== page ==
Thursday 24 July 2008

Time to slow down?

(WARNING: This one goes on a bit)

When I began playing chess Australian players with FIDE ratings were very small. This made getting one a real status symbol and I knew a few players who went to extraordinary lengths to get one. Although FIDE have made it much easier to earn a FIDE rating, and large numbers of players now have them, there is still a sense of importance attached to them. It is this sense of importance that is leading some event organisers to make the deliberate decision to have FIDE rated weekenders, even if this reduces the number of rounds etc
This may result in Australian chess coming full circle, in terms of the format of weekend events. To explain ....
Until the 1990's most Australian weekenders had time controls of 40 moves in 90 minutes (or 40 in 100) which meant that 5 rounds were normally the maximum number of rounds that could be held over 2 days. At an Albury Weekender in the early 90's(?) Darryl Johansen remarked in his winners speech that he liked the tournament but it was a shame there weren't more rounds. Subsequently myself (and then others) began to organise tournaments with time controls of G/60 minutes (with analog clocks), and G/60+10s per move (when DGT clocks arrived). This meant that an event could have 6 or 7 rounds over a 2 day weekend. However the clear drawback with this time control is that the quality of chess suffers. And I suspect that the higher rated players would prefer longer time controls.
So this feeds back into the idea of FIDE Rating weekenders. As the fastest time control for a FIDE rated tournament is 90m+30s per move, the top end of the tournament gets both a reasonable time control, and the importance of FIDE rating points. Of course for 2 day events we are back to the problem of having enough rounds.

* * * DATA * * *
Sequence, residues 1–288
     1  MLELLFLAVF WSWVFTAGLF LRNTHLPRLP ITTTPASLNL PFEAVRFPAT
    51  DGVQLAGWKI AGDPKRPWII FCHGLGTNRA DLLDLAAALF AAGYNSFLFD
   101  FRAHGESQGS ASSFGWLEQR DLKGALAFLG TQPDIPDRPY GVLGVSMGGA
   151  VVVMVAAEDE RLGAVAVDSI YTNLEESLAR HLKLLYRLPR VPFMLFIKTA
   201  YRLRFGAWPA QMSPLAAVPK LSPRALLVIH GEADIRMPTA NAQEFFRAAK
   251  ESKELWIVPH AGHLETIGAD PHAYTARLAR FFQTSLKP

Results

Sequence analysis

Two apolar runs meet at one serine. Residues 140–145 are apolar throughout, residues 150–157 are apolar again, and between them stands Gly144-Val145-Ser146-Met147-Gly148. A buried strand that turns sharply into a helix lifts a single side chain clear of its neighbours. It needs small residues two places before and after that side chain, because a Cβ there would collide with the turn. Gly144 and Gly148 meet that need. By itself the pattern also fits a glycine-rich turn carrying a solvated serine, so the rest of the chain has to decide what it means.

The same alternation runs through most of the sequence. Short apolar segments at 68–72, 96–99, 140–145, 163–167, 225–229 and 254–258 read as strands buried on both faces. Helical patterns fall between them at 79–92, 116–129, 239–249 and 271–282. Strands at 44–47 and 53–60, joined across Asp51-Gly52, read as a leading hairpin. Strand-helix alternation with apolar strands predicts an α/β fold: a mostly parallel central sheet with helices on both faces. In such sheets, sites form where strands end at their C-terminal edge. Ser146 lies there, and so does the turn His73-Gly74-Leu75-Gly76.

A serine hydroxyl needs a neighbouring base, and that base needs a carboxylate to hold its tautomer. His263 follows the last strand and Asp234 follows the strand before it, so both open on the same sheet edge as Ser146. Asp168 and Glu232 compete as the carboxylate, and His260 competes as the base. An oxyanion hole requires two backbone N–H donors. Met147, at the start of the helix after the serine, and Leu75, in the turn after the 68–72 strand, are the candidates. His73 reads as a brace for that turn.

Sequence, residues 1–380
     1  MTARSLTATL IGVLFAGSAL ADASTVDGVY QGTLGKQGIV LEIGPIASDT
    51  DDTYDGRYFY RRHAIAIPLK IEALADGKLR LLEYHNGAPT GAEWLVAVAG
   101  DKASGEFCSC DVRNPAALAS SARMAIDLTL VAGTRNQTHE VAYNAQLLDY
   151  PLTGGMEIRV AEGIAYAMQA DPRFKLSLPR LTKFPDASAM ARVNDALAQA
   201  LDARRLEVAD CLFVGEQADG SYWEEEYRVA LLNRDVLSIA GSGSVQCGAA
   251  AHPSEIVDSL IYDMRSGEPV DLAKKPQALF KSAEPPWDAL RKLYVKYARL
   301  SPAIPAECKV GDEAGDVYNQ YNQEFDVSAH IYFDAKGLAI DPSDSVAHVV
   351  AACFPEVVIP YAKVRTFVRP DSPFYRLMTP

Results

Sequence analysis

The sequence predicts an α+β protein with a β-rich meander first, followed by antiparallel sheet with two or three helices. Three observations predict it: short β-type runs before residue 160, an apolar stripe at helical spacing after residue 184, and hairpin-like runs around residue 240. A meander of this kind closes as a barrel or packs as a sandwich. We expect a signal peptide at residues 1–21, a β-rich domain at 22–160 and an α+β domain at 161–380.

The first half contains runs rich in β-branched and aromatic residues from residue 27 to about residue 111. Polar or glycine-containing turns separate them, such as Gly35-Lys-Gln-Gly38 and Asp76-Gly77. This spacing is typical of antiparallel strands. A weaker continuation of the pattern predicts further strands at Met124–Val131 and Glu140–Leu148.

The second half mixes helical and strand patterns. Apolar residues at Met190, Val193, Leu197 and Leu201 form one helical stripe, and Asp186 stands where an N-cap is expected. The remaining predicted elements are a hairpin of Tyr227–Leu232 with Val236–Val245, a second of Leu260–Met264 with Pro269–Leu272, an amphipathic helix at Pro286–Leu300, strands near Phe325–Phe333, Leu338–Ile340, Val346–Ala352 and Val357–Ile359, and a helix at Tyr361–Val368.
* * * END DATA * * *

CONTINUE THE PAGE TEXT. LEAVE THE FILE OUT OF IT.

One solution is to hold a 2 day tournament over 3 days! A FIDE rated top section with 6 rounds could have a Friday night round, 3 rounds on Saturday and 2 on Sunday. Indeed this is a common format in the UK, and probably elsewhere. Unfortunately Australia isn't the size of a postage stamp (like England) and having to travel 300km or more on a Friday afternoon may not appeal. Therefore the organisers should offer byes for the Friday night game. Again there may be a problem in that such byes are usually half point byes and giving up half a point may not appeal to someone who has ambitions of fnishing in the prize list.
So my final format suggestion is to choose an arbitrary cut off (say 2000) and anyone who takes a first round bye with a rating above that gets a full point bye, while below that is a half point bye. The question is would everyone above 2000 just take a full point bye and not make the effort to travel early, or even if they could play on Friday, decide to pocket the point.
So to summarise ...
FIDE Rated Weekender
  • Time Control: 90m+30s per move
  • Schedule: 1 round Friday, 3 Rounds Saturday, 2 Rounds Sunday
  • Requested Byes: First Round - Full point for players over 2000, half point for everyone else. Half point byes only for all other rounds


Garvin said...

Why would a 2000+ not take the free point when there seems to be a couple of advantages at least to it?

1) Does not risk dropping half a point in round one
2) Will have the advantage of not playing till late the night before, especially when facing 3 90 + 30's on Saturday.

TrueFiendish said...

"When I began playing chess Australian players with FIDE ratings were very small."

It's true: in recent decades people seem to be getting bigger. Have you seen the kids of today?